Currently I'm in Northern Queensland. People want $450-$600k for small, tired, old houses in the middle of the f*cking desert. Even I was surprised at some of the prices wanted for a 3 bed house on a flat acre or half acre block of scrub. None of them even had a pool. I thought Brisbane and the Sunshine coast was mad...but this is just unbelievable.

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Hmmmmmmmm!!!!

Rate rise to crush 90,000 families - and experts warn of more pain to come

http://www.news.com.au/money/interest-rates/rate-rise-to-crush-90000-families-and-experts-warn-of-more-pain-to-come/story-e6frfmn0-1225862329941

Graham Burden and Emma Chenery are feeling the squeeze, with Ms Chenery looking for a second job / The Daily Telegraph

353635-rate-rise.jpg

Increased grant 'the difference'

Increased-grant-the-difference-6472210.jpg

EMMA Chenery's story sums up the problems facing the Australian economy and the attempts to fix them.

http://www.dailytelegraph.com.au/news/indepth/increased-grant-the-difference/story-e6frewpr-1111118758981

Emma Chenery | Sales Support

http://www.starrpartnerscampbelltown.com.au/RealEstate/pg-emma-chenery-profile.seo

1b757b45-d588-41fe-9d6c-d24dd70d2bfe.jpg

http://delusionaleconomics.blogspot.com/2010/05/it-is-all-re-scam.html

Look who's stalking!

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I had some Ozzie friends over to dinner last night. They are returning back to Oz in a few months. Hah, I said, you'll pick up a cheap shack now that prices across the industrialised world have turned negative since the financial crisis.

Not so, they said, shocked at my Pommy lack of nous. There is a massive boom taking place in Australia. Up 20% year on year apparently.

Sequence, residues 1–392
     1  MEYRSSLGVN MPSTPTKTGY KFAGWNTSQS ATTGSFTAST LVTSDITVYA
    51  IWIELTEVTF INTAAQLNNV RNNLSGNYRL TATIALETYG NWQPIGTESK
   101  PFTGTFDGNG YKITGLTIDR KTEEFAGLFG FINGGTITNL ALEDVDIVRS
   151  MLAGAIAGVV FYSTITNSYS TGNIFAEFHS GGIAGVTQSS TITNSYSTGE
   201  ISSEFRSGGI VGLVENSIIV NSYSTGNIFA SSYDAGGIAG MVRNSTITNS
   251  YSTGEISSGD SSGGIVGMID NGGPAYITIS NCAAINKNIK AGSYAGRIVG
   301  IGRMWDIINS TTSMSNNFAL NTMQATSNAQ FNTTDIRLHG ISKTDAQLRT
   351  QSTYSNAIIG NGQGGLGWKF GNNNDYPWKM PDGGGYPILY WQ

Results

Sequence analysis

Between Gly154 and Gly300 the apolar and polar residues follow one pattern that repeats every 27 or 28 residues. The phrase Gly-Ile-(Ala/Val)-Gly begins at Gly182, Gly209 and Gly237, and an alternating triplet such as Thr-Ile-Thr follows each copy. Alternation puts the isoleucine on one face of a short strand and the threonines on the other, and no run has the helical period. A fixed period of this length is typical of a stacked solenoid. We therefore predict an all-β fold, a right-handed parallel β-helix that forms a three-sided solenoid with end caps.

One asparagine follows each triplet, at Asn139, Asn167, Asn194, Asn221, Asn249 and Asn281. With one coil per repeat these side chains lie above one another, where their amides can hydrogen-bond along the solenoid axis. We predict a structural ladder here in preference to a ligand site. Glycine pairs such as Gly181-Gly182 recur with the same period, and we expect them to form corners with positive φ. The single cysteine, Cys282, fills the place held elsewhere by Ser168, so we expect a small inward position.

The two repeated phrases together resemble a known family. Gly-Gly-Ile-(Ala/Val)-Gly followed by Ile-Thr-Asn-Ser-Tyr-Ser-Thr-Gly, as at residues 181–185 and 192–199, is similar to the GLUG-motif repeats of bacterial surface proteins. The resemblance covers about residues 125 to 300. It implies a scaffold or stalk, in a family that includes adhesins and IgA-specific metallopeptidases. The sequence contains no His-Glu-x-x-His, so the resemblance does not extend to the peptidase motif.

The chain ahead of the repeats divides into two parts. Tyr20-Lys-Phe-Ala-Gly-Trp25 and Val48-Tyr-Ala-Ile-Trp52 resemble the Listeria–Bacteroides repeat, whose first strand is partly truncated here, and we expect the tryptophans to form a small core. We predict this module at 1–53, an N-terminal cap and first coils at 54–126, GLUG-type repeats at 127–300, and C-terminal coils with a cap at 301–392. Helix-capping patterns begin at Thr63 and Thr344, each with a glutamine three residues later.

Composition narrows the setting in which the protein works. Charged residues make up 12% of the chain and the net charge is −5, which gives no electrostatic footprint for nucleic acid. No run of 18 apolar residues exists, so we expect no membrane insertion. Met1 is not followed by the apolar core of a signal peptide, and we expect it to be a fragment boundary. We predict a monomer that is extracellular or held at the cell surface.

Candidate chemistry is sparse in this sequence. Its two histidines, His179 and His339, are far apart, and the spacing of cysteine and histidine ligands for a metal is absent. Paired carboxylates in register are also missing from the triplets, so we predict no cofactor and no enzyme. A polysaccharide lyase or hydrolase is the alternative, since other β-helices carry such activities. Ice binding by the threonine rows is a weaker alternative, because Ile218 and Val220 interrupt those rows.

I couldn't believe it. The received wisdom is surely that the global credit crunch has knocked the wind out of the sails of a housing boom caused by cheap credit, and shoddy lending. But Google verified it:

Weighted average of the eight major cities is UP 4.8% on the quarter, UP 20.0% on the year.

http://www.abs.gov.au/ausstats/abs@.nsf/mf/6416.0

I find this hard to stomach. We are in a global credit crunch. The Australian economy is tiny compared to the Asian giants it rubs shoulders with. Where the hell is the money coming in from to sustain a housing boom? And to cap it all, Ozzie interest rates are rising, which should set the alarm bells ringing for most people.

I just don't get it.

Some have mentioned mining, but the ultimate cause of the booms continuation is China. However the recent clampdown on foreign ownership, 40% tax on miners, and 6 consecutive interest rate rises should dampen proceedings somewhat.

It will also leave our highly leveraged friends high and dry.

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As i am sure you know debt must increase at a faster rate than the price of assets that are purchased with finance otherwise the money required to pay the interest would not be available.

Its as simple as this, the system that we have (like it or not) requires that debt grows faster than asset values to service the payments. If this were not to happen the whole dam thing would collapse. and I don’t thin the SYSTEM GUYS will allow that to happen. If it did collapse then we are all on the same boat so that make me ahead right now.

My brother lives in Brisbane and all he sees are prices going up. He believes Australia is immune from the pain the US and UK/EU are feeling. I understand where your confidence comes from. It`s misguided though.